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May 22, 1967

Reflections on Skin Grafting in Hand Repairs

Author Affiliations

From the departments of surgery, Harvard Medical School (Drs. Cannon and Murray), Massachusetts General Hospital (Dr. Cannon), Peter Bent Brigham Hospital, and Childrens Hospital Medical Center (Dr. Murray), Boston

JAMA. 1967;200(8):663-668. doi:10.1001/jama.1967.03120210049006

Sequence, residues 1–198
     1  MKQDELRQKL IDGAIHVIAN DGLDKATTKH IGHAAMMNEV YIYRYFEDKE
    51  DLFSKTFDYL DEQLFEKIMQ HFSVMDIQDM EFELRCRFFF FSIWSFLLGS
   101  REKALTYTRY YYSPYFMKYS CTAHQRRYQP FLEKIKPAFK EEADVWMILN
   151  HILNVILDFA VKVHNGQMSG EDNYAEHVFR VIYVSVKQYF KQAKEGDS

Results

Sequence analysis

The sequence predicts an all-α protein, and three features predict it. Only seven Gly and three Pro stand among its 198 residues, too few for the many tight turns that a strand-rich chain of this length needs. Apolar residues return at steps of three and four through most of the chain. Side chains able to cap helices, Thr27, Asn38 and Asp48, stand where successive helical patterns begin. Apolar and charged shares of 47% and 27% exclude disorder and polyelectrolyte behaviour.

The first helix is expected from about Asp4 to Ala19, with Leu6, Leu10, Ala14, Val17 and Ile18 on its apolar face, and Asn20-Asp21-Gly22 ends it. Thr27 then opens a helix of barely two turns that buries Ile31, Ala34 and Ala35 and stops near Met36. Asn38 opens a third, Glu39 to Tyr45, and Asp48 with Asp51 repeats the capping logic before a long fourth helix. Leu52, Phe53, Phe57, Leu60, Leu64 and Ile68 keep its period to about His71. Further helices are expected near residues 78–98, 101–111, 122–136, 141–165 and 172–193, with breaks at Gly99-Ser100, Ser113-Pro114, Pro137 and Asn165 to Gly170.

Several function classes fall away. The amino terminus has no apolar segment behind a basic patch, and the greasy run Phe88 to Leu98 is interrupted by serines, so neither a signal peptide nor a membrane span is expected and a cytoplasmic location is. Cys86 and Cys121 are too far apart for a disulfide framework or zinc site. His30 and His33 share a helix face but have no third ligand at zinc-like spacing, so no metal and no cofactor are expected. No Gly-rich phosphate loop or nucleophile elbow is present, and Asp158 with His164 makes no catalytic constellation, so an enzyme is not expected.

The hand is exposed to many hazards, some of which result in loss of skin. Recovery of normal function depends on prompt replacement of the protective skin cover with skin graft. With rare exceptions a split-thickness graft is chosen for primary closure following acute trauma. The graft is easily cut, insures a stable bearing surface, "takes" well, and leaves minimal scarring at the donor site. Elective incisions in the hand prior to skin grafting should not cross flexion creases; disfiguring or disabling scars should be avoided in selecting a donor site; and where possible the simplest, most expeditious method of repair will usually insure the best functional result.